Thursday 1st September 2011


Today was perhaps our best butterfly day so far! We were picked up by our Japanese entomologist friend Jiichiro Yoshimoto and his boss, and taken to the reserve that they are running, Los Cerritos, and were shown around the office of their foundation, FUNDEMABV, or Fundación para la Defensa del Medio Ambiente de Baja Vera Paz. They have here a series of low hills covered with dry forest – and it turned out to be excellent for butterflies.

We started off just along the dirt road above the office building, and had soon found a few very attractive species, including Smyrna blomfildia (Blomfild’s Beauty) and Papilio thoas (Giant Swallowtail). Our route then took us up through the low trees and scrub, stopping at any interesting-looking localities that caught our eye. There were butterflies everywhere, and we spent the rest of the morning working our way slowly up the hill, catching and identifying many species, including even a few that were new to Jiichiro, which was nice.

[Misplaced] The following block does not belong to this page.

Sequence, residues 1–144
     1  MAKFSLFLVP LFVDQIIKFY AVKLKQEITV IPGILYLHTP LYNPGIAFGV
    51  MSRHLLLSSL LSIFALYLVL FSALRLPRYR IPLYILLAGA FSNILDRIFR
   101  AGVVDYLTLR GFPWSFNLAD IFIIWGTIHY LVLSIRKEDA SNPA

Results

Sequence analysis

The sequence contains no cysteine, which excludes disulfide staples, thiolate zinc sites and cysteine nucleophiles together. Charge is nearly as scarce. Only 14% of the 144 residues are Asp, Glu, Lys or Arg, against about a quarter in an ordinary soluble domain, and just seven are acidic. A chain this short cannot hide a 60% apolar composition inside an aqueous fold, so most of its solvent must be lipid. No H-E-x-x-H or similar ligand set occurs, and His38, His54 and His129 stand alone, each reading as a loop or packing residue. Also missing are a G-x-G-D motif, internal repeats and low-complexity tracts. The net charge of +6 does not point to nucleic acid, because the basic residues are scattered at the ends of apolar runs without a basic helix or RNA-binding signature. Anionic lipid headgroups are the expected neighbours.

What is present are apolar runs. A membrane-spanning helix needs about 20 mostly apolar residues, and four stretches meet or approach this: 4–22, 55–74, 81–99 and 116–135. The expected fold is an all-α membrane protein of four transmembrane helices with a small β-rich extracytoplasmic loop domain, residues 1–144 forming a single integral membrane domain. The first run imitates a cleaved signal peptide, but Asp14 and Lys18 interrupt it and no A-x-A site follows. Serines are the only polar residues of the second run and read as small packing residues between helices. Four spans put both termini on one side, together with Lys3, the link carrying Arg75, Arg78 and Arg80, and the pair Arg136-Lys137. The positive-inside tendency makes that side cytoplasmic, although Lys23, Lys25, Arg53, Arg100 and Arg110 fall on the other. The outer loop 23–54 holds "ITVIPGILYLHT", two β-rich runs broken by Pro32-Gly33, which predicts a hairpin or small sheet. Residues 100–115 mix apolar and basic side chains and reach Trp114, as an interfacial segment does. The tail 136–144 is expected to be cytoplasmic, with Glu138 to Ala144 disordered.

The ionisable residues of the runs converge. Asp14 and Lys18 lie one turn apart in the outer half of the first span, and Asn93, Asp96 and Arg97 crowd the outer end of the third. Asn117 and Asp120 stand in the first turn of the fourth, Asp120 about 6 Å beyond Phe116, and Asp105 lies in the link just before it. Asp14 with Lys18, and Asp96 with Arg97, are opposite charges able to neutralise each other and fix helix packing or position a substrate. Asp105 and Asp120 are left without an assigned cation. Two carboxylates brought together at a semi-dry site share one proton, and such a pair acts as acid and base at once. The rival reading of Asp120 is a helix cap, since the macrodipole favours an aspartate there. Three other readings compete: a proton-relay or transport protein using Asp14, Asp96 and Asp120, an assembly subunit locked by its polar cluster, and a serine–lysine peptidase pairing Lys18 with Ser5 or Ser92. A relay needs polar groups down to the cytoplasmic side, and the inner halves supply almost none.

Four-spotted Sailor, Dynamine postverta

By midday it had become very hot, and we retreated back to the office, and then into town, where we treated to a great lunch cooked by Jiichiro’s landlady, after which we returned to the office, and as it was TOO hot to hunt butterflies, we spent the afternoon admiring Jiichiro’s insects, including some truly spectacular beetles, and helped with the identification of some butterflies – it was really great to be with a kindred spirit, and as I said yesterday, it is almost uncanny how he is following on my great grandfather’s work, 140 years later, in the same valley. I have no doubt that we will meet again.

Butterflying above Salamá

Tomorrow we are due to head down into the tropical lowlands on the Caribbean/Atlantic side, where we are aiming for the Lago de Izabal, Guatemala’s largest lake. This should be a real adventure…but transport blockades are planned so we may not be able to travel. If we do, I may be out of internet contact for a few days….

Salamá panorama

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